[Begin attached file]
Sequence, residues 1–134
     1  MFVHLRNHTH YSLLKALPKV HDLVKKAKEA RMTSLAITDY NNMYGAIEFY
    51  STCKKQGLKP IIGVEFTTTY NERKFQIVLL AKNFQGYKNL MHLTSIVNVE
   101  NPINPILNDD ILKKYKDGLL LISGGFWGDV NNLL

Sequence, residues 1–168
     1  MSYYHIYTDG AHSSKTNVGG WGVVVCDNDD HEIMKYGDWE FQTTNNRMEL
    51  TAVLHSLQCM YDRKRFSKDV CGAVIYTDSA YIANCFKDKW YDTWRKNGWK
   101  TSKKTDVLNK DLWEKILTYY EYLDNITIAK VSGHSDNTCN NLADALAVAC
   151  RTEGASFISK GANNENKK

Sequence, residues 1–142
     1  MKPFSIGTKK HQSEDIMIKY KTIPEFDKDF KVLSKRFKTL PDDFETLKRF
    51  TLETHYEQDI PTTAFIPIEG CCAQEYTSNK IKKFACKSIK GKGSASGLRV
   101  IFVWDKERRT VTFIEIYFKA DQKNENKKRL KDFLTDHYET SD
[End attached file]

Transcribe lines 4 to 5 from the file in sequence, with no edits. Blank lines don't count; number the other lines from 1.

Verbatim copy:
   101  NPINPILNDD ILKKYKDGLL LISGGFWGDV NNLL

Sequence, residues 1–168